Make sure to define your terms, taking special care, for instance, to explain what the aesthetic form in question means (“governmentality,” “discipline,” and/or “panopticon”), and referring to course readings or outside research (if needed) for working explanations of any concepts you discuss.
Use MLA or Chicago style citations and make sure to cite all sources properly; incorrect or missing citations will affect the mark the paper receives.If you need help with these formatting styles, you can find clear explanations of them and other helpful information about writing and research at: https://owl.english.purdue.edu/owl/.
Make sure the essay supports all claims with detailed examples from your scene analysis and quotations and/or ideas from relevant scholarly sources (ie, at least two course readings, lecture if needed). Avoid generalizations and opinions, including with respect to the historical anxieties and/or issues discussed in your paper; refer instead to concrete historical events or reliable academic or journalistic sources that ground your claims.
Remember to leave time before the submission date to copy edit and proofread your paper for grammatical errors and typos.The quality of your writing will affect the mark the paper receives. If you have questions about grammar, essay writing, citation styles, or how to avoid plagiarism, please feel free to consult the Purdue Owl Writing Resource Website, cited above. And if you’ve struggled with grammar and composition in the past, please make sure to schedule an appointment in the Academic Skills Centre or with an ELL tutor well in advance of the due date (see syllabus for further information).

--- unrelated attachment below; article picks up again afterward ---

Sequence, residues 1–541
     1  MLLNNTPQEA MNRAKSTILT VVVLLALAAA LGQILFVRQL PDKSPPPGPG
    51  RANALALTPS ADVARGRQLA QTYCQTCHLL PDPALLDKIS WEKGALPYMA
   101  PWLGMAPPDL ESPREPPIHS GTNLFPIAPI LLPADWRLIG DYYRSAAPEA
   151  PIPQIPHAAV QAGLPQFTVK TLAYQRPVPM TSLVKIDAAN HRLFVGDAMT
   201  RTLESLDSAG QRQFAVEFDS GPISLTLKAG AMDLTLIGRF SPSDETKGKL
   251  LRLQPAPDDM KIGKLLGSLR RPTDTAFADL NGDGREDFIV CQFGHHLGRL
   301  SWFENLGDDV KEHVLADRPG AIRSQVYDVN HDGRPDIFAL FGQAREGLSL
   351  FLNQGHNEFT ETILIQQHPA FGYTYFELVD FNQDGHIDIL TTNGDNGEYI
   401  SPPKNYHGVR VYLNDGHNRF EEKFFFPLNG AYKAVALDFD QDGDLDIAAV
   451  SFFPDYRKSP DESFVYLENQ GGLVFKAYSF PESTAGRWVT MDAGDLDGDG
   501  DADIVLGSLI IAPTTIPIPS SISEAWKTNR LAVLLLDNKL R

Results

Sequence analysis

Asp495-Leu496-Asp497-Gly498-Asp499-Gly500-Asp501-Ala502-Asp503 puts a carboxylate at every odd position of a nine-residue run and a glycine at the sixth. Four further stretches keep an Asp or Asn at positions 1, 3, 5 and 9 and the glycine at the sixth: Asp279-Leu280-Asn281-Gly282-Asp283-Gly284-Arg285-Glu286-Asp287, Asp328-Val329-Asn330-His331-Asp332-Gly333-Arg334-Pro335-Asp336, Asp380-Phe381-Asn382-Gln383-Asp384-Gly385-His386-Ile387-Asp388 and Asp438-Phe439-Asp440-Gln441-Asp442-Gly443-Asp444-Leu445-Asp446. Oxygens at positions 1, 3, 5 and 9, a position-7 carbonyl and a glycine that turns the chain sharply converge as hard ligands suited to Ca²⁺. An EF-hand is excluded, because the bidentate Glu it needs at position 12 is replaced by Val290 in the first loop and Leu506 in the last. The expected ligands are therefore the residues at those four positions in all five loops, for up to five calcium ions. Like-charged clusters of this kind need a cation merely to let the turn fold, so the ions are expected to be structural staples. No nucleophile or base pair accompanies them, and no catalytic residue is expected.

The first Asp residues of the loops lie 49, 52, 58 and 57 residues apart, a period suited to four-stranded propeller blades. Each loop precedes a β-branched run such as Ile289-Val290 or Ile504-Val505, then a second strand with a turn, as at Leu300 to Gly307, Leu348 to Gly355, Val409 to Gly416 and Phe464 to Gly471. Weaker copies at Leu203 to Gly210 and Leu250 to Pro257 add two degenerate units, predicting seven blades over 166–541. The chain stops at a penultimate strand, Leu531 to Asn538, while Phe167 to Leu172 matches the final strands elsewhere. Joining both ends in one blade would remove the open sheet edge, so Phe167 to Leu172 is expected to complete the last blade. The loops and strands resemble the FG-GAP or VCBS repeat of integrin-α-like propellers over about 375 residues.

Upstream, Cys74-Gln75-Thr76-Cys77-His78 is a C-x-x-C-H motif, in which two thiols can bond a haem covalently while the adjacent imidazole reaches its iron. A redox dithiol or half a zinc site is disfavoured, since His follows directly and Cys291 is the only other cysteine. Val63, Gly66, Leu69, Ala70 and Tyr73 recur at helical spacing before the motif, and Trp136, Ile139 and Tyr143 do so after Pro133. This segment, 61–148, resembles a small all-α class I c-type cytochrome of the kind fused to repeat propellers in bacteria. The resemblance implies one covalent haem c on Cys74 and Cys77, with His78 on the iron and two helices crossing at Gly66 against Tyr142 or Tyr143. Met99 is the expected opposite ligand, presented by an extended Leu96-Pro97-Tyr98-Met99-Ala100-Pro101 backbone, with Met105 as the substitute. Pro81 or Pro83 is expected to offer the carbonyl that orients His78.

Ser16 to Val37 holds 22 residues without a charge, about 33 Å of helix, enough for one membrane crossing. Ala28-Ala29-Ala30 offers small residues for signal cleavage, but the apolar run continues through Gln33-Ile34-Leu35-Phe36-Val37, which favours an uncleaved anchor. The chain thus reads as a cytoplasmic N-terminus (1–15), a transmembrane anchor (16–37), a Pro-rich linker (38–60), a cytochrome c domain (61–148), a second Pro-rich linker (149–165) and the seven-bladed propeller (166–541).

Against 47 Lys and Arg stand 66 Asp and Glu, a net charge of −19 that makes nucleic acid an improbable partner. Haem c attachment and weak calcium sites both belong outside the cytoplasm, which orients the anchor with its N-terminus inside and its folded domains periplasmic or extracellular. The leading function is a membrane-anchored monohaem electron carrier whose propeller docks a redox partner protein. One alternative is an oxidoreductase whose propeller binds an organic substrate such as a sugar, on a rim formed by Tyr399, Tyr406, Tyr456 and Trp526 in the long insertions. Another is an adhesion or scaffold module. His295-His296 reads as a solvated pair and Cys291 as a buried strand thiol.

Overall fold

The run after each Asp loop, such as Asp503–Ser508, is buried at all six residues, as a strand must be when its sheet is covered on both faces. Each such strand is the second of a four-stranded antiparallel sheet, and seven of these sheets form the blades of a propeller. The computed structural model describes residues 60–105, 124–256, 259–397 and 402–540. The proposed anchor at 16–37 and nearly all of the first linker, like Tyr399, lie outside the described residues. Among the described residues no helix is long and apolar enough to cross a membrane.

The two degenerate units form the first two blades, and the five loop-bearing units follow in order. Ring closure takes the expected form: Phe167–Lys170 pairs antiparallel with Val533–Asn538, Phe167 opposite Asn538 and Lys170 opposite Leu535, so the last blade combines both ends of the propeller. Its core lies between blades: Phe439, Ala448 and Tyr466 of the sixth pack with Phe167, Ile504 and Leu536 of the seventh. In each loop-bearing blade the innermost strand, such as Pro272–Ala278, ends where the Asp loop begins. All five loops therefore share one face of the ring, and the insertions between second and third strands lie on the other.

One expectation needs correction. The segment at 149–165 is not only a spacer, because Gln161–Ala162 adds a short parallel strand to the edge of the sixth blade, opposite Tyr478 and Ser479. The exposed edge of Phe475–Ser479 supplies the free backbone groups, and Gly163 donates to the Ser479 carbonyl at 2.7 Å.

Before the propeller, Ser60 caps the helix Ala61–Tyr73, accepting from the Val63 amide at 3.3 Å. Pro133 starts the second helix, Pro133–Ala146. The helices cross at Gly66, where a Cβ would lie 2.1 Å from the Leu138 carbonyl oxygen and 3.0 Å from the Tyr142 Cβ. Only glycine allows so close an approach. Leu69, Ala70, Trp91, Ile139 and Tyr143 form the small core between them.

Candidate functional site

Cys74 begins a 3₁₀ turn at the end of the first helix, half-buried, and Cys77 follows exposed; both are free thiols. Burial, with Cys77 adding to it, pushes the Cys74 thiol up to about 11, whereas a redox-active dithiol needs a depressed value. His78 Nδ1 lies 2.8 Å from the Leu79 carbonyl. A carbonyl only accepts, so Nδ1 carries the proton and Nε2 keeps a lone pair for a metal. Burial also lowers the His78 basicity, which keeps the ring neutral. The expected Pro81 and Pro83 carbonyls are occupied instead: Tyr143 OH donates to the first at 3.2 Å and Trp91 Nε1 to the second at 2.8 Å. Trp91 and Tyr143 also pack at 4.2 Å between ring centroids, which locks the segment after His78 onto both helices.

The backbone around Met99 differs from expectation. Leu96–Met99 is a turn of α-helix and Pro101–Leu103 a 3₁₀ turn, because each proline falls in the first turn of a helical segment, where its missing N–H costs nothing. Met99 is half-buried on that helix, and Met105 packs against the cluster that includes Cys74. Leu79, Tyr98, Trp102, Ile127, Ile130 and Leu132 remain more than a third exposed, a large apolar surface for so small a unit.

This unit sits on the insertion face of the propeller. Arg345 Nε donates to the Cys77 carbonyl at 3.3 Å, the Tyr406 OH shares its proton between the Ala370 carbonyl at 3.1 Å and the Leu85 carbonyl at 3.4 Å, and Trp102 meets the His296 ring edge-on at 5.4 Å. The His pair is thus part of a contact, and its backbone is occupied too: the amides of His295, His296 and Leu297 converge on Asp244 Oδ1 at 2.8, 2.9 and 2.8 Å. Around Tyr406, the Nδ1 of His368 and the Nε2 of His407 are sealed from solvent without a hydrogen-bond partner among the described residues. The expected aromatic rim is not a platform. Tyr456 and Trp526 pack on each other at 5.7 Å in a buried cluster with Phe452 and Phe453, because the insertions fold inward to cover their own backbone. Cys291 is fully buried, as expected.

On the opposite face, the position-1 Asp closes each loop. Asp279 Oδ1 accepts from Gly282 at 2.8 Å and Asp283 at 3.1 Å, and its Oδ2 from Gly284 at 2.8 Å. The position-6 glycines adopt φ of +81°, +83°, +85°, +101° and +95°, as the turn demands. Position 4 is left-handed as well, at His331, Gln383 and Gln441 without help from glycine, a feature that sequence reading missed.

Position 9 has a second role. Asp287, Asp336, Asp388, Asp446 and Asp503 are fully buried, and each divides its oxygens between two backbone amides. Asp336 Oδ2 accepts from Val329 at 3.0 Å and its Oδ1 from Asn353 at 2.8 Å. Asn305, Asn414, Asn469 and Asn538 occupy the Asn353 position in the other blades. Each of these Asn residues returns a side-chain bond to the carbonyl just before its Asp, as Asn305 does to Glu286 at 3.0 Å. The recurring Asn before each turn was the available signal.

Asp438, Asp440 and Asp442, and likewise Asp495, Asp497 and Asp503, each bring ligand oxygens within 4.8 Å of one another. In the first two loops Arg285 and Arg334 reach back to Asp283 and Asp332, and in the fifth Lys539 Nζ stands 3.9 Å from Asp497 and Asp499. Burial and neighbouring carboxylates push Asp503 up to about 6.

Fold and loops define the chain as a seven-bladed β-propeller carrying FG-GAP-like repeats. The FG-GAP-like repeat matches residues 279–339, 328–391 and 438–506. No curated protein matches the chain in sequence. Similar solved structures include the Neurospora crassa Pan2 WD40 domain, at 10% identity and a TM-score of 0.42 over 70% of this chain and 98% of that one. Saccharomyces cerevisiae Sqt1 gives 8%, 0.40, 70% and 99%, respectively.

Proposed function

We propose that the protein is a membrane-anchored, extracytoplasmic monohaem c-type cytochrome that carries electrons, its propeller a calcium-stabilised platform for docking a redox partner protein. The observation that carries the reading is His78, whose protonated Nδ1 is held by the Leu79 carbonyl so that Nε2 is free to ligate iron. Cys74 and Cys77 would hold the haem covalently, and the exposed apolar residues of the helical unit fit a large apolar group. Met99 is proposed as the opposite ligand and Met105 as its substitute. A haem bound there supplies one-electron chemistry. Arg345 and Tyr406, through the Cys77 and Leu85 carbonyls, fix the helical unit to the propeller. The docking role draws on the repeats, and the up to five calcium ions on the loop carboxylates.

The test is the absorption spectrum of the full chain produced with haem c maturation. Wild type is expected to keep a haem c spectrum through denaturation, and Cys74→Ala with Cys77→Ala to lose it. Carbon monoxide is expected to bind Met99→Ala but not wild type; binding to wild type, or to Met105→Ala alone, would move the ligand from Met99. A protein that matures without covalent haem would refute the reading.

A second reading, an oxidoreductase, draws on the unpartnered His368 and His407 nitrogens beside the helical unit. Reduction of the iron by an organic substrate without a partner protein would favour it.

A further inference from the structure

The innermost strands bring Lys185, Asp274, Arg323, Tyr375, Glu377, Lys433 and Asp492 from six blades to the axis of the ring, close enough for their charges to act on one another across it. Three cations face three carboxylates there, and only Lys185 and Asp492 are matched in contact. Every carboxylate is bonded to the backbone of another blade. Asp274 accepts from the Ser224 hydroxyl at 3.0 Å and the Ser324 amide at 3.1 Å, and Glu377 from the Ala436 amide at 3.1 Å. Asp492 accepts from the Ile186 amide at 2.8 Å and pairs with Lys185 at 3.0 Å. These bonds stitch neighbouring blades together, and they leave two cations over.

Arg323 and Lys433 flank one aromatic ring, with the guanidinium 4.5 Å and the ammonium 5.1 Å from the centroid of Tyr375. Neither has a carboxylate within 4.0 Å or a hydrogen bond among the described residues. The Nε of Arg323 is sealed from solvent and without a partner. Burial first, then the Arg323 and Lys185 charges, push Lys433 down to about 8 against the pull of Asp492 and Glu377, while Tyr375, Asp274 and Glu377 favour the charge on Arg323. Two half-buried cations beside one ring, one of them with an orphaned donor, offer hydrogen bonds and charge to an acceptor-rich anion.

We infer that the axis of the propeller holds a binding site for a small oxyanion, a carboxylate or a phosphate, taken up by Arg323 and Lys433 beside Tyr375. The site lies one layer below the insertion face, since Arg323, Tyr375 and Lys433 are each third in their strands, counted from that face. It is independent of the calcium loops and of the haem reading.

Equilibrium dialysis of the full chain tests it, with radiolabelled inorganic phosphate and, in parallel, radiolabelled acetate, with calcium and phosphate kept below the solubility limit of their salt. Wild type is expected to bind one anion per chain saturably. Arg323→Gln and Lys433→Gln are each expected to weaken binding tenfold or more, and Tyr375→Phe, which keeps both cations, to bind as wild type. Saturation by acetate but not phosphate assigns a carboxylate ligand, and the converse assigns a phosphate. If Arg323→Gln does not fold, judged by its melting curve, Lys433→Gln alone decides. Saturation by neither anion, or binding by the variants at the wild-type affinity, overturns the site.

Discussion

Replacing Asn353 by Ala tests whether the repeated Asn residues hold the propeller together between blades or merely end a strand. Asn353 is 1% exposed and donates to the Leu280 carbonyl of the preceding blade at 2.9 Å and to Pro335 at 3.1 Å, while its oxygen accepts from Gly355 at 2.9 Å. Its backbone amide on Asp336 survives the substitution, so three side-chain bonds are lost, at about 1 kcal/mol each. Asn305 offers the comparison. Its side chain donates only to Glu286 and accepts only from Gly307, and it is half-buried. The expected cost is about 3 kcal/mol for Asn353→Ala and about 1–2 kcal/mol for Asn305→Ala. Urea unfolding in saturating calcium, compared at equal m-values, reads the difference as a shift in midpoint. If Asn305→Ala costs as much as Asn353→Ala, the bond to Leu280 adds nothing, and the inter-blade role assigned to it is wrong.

If you think you’ll need guidance or feedback from me, please make sure to get an early start on your research and thinking so that you can come to office hours or make an appointment to discuss the problems or questions you’re confronting. Please note: I cannot offer substantive feedback or advice by e-mail—only very simple practical questions—so if you want to meet to discuss your paper idea, please plan to come to my office hours or request an online appointment in advance. I’ll be happy to talk with you and try to help.
Do not despair if you are still gaining familiarity with some of the terms that scholars use to describe certain formal features of film and TV scenes. It is far more important to me to see you describe how you see whatever happens in the scene and why it is significant in your view.
Keep in mind that your scene analysis will be a key part of the evidence for your argument. Make it as detailed as possible, and feel free to take interpretive risks and be creative—as long as you can explain how an example, quotation, or performance of stylistic analysis supports your claim, you are making a valid analytical argument.
If you’re unsure of how to avoid plagiarism issues, please consult the resources provided by the University and outlined in the syllabus to inform yourself. Feel free to come to office hours or request an appointment to discuss any follow-up questions.